Tottenham Hotspur, one of the country's best-known soccer clubs, is to go private, saying the cost of a stock market listing would be better spent helping expand its stadium.
The club, known as Spurs, also said Wednesday it swung to a £402,000 full-year pretax profit, helped by its run to the quarter-finals of the UEFA Champions League.
Chairman Daniel Levy said "increasing the capacity of the club's stadium is a key factor in the continued development and success of the club and will involve the company in considerable additional capital expenditure."
"The AIM listing restricts our ability to secure funding."
Tottenham, which plays in England's top-flight Premier League, has consistently sought to expand its stadium to keep up with domestic rivals with far bigger grounds.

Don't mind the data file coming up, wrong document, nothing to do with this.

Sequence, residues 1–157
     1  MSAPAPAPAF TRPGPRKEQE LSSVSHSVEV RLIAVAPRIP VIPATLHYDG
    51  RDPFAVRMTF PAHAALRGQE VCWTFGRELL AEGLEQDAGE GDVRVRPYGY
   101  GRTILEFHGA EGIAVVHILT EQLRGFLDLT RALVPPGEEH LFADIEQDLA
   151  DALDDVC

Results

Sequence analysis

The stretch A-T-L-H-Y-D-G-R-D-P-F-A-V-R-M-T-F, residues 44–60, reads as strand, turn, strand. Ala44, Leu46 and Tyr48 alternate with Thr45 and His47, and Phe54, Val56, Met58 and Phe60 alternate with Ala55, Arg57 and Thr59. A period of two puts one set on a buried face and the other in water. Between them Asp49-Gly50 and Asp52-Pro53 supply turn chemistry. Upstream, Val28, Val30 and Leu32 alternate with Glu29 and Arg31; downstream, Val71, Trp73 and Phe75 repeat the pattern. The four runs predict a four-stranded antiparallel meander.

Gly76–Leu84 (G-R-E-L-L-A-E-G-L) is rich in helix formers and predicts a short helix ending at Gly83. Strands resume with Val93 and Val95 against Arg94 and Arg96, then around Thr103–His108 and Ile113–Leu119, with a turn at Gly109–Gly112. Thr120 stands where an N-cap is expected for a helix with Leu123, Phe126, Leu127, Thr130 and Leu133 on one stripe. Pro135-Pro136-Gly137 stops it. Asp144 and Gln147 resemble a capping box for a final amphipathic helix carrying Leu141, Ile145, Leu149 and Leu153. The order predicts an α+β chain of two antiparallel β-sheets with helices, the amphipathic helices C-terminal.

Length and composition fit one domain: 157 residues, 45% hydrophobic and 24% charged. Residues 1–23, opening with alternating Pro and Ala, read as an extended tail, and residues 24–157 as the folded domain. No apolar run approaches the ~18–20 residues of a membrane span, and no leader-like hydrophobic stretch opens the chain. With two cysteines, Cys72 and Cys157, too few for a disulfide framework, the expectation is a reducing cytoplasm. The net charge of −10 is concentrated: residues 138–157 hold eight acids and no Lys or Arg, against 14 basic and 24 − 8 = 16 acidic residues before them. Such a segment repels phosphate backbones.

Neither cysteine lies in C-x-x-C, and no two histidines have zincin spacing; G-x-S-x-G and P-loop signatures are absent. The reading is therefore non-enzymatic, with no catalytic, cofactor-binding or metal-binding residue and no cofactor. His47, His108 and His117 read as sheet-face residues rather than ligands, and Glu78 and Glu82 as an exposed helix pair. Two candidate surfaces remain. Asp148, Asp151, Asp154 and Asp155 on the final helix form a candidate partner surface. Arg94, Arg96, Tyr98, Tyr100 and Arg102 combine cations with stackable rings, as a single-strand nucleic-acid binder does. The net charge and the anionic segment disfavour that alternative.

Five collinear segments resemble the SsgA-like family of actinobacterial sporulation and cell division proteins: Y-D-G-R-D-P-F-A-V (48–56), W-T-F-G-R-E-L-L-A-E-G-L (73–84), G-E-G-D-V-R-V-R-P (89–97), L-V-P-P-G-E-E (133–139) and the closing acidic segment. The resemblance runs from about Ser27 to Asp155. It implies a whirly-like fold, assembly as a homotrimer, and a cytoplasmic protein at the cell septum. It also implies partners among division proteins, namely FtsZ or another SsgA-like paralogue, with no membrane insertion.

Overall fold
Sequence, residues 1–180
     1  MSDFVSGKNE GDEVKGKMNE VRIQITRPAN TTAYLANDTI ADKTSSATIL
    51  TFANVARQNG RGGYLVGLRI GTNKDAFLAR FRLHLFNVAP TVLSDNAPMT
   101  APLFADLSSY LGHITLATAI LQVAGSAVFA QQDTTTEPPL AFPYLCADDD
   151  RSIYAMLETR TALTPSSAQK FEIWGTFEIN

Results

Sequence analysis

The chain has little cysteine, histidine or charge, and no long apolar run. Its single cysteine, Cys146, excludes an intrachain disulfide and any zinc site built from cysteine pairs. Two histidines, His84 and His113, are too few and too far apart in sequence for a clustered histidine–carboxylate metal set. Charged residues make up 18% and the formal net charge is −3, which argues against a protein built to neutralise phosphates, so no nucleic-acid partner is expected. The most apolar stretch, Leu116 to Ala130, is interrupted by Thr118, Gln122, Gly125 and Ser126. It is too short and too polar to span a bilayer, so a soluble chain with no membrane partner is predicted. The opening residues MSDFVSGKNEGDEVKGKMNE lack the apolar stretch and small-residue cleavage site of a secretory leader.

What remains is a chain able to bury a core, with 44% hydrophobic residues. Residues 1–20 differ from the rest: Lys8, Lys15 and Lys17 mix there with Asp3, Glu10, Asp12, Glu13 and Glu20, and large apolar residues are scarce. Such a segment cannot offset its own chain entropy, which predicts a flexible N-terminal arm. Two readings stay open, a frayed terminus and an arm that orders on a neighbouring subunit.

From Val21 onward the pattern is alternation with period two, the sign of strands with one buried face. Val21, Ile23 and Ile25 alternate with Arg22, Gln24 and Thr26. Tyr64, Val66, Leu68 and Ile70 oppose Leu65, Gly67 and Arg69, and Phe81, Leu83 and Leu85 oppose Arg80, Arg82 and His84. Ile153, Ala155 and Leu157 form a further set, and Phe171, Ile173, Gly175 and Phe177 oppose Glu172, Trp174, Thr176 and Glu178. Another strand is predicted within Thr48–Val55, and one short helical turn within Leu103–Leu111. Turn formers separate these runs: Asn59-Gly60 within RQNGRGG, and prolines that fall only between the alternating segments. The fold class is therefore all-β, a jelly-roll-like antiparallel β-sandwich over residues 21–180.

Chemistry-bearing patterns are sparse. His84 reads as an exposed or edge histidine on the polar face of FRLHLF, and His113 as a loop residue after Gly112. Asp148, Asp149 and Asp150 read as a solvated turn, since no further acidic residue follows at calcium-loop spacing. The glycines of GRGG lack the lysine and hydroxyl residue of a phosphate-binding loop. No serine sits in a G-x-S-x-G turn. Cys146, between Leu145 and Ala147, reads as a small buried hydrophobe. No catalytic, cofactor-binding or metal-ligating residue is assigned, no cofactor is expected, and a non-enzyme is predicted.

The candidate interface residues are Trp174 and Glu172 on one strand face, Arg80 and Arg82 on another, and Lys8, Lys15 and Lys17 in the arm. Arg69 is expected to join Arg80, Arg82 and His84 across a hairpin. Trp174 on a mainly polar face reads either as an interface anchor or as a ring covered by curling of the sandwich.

Tottenham shares closed at 46 pence on November 15, giving the club -- known as "Spurs" -- a market capitalisation of around £100 million.
The club, whose players include Wales international Gareth Bale, said the last day of dealing in its shares would likely be January 13, with the delisting to take effect on January 16.
Tottenham said operating profit, excluding player transfers, rose 42 percent to £32.3 million in the year to June. It made a £6.5 million pretax loss in 2009/10.
Tottenham's decision to delist from AIM follows a similar move earlier this month by lower league London club Millwall to take its shares off the AIM market.